Fashioning a sustainable future of clothing

March 2, 2024 BY

Art meets science: Jess Coldrey will work alongside Ember Chittenden from Bendigo Tech School to involve students in a thought experiment to solve some of fashions challenges. Photo: ALICIA S. COOK

AN interactive artist in residency program is now underway at Bendigo Tech School.

The residency features creative technologist Jess Coldrey, who was named one of the top 50 women in engineering.

Over the coming weeks, Coldrey will use the facilities at the tech school to explore solutions to challenges in the fashion industry, a process that will be shared with local high school students.

“I’ll be delving into the future of fashion and I’ll be creating an exhibition with students from local schools,” said Coldrey.

“The main idea around the series was trying to imagine a more sustainable vision for the fashion industry, but using technology, science, and engineering to project what that system could look like on a large scale.”

With Coldrey’s guidance, students who engage with the residency will get the chance to learn skills in digital fields like artificial intelligence and virtual reality.

The project also involves recycling and upcycling existing materials and textiles to encourage critical and creative thinking around challenges facing the fashion industry such as resource scarcity.

“Often when we think about the future of fashion we picture shiny, metallic, futuristic, very plastic-y visions of the future,” Coldrey said.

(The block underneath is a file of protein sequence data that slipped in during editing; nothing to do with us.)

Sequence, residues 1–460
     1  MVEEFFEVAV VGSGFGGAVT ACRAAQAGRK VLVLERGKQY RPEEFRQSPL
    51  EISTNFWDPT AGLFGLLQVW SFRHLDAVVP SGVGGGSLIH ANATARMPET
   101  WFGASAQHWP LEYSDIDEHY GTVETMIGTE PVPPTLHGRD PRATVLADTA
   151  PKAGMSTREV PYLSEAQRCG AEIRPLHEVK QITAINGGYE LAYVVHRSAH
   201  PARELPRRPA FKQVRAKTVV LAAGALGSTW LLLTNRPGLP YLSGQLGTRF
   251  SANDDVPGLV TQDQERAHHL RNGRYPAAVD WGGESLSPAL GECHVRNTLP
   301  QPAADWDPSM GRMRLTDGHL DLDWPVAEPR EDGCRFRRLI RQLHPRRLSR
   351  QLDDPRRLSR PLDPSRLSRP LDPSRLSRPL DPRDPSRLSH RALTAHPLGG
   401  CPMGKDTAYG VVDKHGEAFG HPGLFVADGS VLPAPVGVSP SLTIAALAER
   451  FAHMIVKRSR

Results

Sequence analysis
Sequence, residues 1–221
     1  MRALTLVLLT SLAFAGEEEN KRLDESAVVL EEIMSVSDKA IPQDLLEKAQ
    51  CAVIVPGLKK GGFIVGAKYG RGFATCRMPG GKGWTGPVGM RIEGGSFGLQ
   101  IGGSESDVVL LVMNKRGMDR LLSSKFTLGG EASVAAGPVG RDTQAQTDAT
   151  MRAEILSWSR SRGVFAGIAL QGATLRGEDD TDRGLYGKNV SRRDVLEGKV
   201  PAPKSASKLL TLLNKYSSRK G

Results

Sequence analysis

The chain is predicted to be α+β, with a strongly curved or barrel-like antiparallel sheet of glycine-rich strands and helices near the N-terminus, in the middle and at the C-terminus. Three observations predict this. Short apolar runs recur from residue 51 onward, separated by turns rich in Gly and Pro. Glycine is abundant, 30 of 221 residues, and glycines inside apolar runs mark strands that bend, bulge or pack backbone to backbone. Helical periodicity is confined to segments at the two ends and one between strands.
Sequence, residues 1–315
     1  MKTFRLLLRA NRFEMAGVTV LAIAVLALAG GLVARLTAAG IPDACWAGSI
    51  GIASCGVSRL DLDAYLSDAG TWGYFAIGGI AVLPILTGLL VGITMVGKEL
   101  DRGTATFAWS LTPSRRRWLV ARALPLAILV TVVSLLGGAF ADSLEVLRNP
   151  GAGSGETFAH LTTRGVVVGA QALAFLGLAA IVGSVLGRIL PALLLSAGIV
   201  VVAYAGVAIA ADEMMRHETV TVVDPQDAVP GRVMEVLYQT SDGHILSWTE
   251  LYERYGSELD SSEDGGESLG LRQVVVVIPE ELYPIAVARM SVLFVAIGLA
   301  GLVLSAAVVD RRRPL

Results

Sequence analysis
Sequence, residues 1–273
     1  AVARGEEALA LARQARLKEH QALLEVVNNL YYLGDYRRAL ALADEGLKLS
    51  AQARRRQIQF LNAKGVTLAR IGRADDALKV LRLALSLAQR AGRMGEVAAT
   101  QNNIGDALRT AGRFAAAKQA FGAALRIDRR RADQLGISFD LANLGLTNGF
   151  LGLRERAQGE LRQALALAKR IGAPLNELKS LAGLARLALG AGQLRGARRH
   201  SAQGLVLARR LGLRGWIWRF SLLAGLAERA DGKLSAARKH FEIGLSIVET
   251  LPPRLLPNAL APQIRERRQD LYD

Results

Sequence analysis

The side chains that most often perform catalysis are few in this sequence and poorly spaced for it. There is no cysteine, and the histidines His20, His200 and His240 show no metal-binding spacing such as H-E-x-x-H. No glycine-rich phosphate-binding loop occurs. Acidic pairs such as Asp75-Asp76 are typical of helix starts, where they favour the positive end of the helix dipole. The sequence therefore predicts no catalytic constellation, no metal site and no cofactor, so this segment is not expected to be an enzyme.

“But there’s a language of more organic materials, more lumpy, unusual sustainable clothing that not everyone gravitates towards but could become a really strong aesthetic in the future.

“So throughout the residency I’ll be testing some different materials and playing with the idea of what if in the future we’ve got scarce resources and it’s actually banned to make new fibres for clothing.”

Part of the aim of the residency is to show students the creative pathways that exist for women in STEM.

Science educator and head of programs at Bendigo Tech School, Ember Chittenden, said it was exciting to have Coldrey involved as both a woman working in STEAM and to encourage students engage in future thinking.

“Unpacking the idea of resource scarcity and the ‘what if’ or the ‘how might we’ problem solving process is really important,” Ms Chittenden said.

“So bringing around thinking about social change and how they can be a part of that going forward into their future is great.”

The residency will culminate in an exhibition at Bendigo Tech School on 8 March, which is also International Women’s Day.

High school groups can still participate in the program by contacting Bendigo Tech School.